Thursday, December 31, 2009
Tuesday, December 29, 2009
Tuesday, December 15, 2009
How many Sacraments are there?
The short, Lutheran answer is “It depends whom you ask.”
Lutherans have never been dogmatic about a number of sacraments like Roman Catholics are, except that they adamantly deny that there are seven. In some places, the Lutherans say there are two sacraments; in other places, they say three. Baptism and the Lord’s Supper are always included in the list of Lutheran sacraments. Absolution sometimes makes the list.
The word sacrament is the Latin translation of “mystery,” as when St. Paul calls pastors “stewards of the mysteries of God (1 Corinthians 4:1). Scripture never sets forth a definition of “Sacraments;” those definitions always come from theologians.
What is a Sacrament? The Explanation of the Small Catechism (not a part of the Catechism, but a later American addition to help teach the Catechism) says, “A sacrament is a sacred act A. instituted by God, B. in which God Himself has joined His Word of promise to a visible element, C. and by which He offers, gives, and seals the forgiveness of sins earned by Christ.” So the question is, “Does Absolution have a visible element?” The answer: kinda. While the pastor is not an element akin to water, wine, or bread, his placing hands on the head of the penitent, is both visible and tactile, like Baptism and the Lord’s Supper.
What do the Lutheran Confessions say? The Small Catechism sandwiches Confession and Absolution between The Sacrament of Holy Baptism and The Sacrament of the Altar. The Apology of the Augsburg Confession says, “If we call Sacraments ‘rites that have the command of God, and to which the promise ofgrace has been added,’ it is easy to decide what are the true sacraments. For rites instituted by human beings will not be called true sacraments. For human authority cannot promise grace. Therefore, signs set up without God’s command are not sure signs of grace, even though such signs perhaps instruct the unlearned or admonish about something. Therefore, Baptism, the Lord’s Supper, and Absolution (which is the Sacrament of Repentance) are truly Sacraments. For these rites have God’s command and the promise of grace, which is peculiar to the New Testament” (Ap AC, XIII, 3-4).
The point is not to be dogmatic about a number but to receive what God has commanded as a means through which He forgives our sins. To the question, “Does Absolution forgive our sins?” the answer is a clear “Yes!” It is God’s gift, whether it gets included in our human list of Sacraments.
The danger of a question like “How many Sacraments?” is that we use it to prescribe limits. The better question is “How does God forgive my sins?” Then, the answer is easy, “In Holy Baptism, in Holy Absolution, in Holy Communion, and in the preaching of the Word.”
Friday, December 11, 2009
Sunday, December 6, 2009
Wednesday, December 2, 2009
The Confession & Absolution that happens before the Service begins with the Introit is a recent innovation. The first president of the Missouri Synod, C.F.W. Walther encouraged pastors about private Confession, “in an evangelical way, through instruction and exhortation, and through praising it, [to] work toward the goal that it be diligently used in addition to general confession and that, where it is possible and advisable, it be finally reintroduced as the exclusive custom and that it be properly preserved where it exist. By all means he may under no circumstances yield to a congregation which does not want to permit the use of private Confession and Absolution even on the part of individual members, for ‘to remove Absolution from the church’ would certainly be ‘contrary to God.’”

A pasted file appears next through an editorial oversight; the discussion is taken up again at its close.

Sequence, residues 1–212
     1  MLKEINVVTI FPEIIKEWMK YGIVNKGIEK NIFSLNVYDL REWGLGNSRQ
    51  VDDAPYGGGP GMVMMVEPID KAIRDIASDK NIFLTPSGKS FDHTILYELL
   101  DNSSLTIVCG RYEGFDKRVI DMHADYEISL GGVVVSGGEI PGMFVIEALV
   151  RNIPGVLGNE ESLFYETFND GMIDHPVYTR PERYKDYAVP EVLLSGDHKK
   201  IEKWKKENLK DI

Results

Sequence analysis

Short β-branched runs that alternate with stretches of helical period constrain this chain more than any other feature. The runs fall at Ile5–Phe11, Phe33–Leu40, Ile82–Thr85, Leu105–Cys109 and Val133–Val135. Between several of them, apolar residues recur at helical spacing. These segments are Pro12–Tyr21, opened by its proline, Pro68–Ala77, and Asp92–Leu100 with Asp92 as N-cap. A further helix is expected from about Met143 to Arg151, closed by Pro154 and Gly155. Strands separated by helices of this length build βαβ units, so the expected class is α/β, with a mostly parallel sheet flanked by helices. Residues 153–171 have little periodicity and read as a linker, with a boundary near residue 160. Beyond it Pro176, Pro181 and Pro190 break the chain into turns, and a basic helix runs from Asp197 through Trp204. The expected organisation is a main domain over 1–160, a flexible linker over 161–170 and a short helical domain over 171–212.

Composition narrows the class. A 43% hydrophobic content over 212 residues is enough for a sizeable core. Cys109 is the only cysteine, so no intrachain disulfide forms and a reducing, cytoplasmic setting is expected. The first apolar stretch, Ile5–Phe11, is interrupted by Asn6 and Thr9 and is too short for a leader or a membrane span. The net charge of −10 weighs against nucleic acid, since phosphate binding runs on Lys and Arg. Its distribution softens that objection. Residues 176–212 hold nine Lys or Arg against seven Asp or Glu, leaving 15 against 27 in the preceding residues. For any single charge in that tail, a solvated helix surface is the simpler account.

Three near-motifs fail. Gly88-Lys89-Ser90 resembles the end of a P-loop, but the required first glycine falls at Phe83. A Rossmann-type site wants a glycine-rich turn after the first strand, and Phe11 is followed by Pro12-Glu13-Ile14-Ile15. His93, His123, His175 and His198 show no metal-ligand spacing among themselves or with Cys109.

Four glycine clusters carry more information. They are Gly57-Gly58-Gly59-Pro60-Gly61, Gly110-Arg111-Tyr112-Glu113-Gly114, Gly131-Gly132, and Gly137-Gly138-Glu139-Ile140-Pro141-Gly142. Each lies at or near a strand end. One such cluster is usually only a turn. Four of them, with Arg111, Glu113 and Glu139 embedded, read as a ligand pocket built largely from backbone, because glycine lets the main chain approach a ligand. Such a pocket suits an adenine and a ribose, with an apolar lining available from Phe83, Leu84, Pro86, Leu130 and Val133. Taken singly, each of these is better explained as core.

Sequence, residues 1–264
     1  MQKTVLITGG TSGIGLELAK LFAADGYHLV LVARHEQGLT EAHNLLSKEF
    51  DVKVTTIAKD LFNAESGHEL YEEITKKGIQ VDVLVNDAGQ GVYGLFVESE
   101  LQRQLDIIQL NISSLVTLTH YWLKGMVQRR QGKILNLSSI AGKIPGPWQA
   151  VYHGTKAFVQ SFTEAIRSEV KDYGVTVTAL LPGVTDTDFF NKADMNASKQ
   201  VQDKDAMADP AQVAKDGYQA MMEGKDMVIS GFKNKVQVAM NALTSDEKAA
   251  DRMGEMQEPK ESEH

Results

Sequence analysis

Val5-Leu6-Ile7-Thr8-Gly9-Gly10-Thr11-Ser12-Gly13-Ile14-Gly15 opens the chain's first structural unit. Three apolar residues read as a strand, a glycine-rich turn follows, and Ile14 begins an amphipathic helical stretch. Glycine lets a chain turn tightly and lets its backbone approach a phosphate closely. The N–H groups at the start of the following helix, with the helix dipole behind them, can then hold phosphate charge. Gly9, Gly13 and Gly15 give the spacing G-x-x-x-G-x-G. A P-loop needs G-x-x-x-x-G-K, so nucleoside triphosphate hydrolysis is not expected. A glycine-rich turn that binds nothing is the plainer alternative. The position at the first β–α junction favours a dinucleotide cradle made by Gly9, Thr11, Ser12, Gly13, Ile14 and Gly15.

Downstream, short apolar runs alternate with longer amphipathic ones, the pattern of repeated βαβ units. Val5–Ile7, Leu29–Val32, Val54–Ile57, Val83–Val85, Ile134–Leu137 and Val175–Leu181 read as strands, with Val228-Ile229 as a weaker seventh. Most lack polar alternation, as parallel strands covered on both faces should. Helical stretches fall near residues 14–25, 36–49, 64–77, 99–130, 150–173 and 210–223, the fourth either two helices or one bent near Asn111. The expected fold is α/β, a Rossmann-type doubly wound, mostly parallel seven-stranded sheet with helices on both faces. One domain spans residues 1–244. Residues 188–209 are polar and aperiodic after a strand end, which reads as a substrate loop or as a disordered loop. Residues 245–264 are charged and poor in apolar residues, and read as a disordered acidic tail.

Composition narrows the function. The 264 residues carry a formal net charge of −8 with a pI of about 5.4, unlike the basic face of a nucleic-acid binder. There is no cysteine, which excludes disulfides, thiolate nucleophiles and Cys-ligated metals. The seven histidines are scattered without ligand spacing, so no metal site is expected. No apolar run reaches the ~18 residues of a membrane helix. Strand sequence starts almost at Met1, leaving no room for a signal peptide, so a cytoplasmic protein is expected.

When in the Small Catechism Luther provides a short model for confession, he speaks of how an individual penitent might confess to his pastor one-on-one. Pastor Wilhelm Löhe, who sent the first pastors from Germany to the Wisconsin, Michigan, and Indiana parts of the Missouri Synod, lamented the rise of a service of general Confession, because private Absolution is “the heart of the cure of souls.”
One of the beautiful parts of Lutheran theology is its emphasis on the particularity of the Gospel. Jesus died for the world, yes, but that’s not the Gospel until you know that Jesus died for you. The difference between the general Confession in the Preparatory Rite and the private Confession contained in the Catechism, extolled by Luther, and called a Sacrament by the Augsburg Confession, is particularity.
We don’t have general sins, we have specific sins. We aren’t generally sinners, we’re particularly sinners. So the sweet comfort of forgiveness, the cure for souls, is meant to be applied and received particularly in private Confession. So the Lutheran Confessions declare, “Our people are taught that they should highly prize the Absolution as being God’s voice and pronounced by God’s command” (AC XXV) and “Our churches teach that private Absolution should be retained in the churches” (AC XI).
General confession is like going to a medical seminar, led by a doctor, to address a particular health issue. While you may gain invaluable information from the seminar that you can use to improve your health, there isn’t the face-to-face contact of a visit to a doctor. In a visit to a doctor, the doctor will evaluate your particular health and prescribe a solution to benefit you in particular. General confession delivers forgiveness like a sermon and the rest of the liturgy deliver forgiveness. Private confession delivers forgiveness like a doctor writing a prescription for you. When in private Confession, the pastor puts his hand on your head and speaks the words of Christ “I forgive you,” there’s no mistaking it. This cure is for you.